The teacher, who is white, read aloud from the essay and asked students to mark the word each time it appeared. She imitated stereotypical African American body language and elocution, Maya told board members, "moving her neck and pointing her finger."
"She has a different style of teaching things," Maya said, "and we knew she was a little over the top on some lessons. But this was not a lesson to be over the top about."
An official of the county NAACP accompanied Maya to a school board meeting in November and asked that the board "immediately abstain" from teaching the lesson.
School system officials would not say whether the teacher was reprimanded.
The Montgomery school system's decision comes at a time of heightened attention to racial insensitivity, largely after talk-show host Don Imus made racist and sexist comments about a college women's basketball team in a broadcast in the spring. On Monday in Detroit, NAACP leaders had a mock funeral for the "N-word" and other racial epithets, symbolically retiring them from use. Delegates to the group's annual convention marched through downtown with a ceremonial pine coffin and a bouquet of artificial black roses, according to the Associated Press.
Each year brings fresh attempts by parents and civic groups to challenge racially insensitive literature in the public schools. The most common target, education leaders say, is not Naylor's provocative essay, which isn't widely taught in high schools, or even Lee's novel, but rather "The Adventures of Huckleberry Finn." Both books are standard fare in high school English classes. Twain's book, peppered with epithets, is considered more inflammatory.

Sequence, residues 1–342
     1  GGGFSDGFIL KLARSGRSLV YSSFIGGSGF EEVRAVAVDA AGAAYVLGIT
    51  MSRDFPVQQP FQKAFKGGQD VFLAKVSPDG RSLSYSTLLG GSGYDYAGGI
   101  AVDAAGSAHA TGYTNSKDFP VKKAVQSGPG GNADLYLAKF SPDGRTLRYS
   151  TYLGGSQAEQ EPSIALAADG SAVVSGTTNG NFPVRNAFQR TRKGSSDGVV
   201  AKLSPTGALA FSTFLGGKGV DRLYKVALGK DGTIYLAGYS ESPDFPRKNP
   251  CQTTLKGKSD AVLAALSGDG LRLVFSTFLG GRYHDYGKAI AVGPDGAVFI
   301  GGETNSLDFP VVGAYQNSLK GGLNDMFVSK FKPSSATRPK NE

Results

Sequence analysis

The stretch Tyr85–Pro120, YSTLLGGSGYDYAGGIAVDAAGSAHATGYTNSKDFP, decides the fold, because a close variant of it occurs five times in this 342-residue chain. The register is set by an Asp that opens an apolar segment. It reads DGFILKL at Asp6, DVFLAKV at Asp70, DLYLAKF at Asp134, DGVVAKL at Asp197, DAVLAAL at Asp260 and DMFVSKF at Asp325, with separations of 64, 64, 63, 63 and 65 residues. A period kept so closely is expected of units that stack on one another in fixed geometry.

National Cathedral School, an Episcopal institution for girls in the District, made national headlines 12 years ago when it pulled the Twain book from its shelves. The book was reintroduced in an elective, upper-grade course and is widely taught in the school today. More than a decade earlier, a black administrator at Fairfax County's Mark Twain Intermediate School led a nationally publicized effort to remove the book. It failed.
Education scholars recommend that teachers prepare students for books such as "To Kill a Mockingbird" with historical images and writings that explain the time and place in which the works are set. This can -- and should -- be done without dwelling on racial slurs or reading inflammatory material aloud, said Jocelyn A. Chadwick, a Twain scholar and former Harvard University professor who works in the education division of Discovery Communications.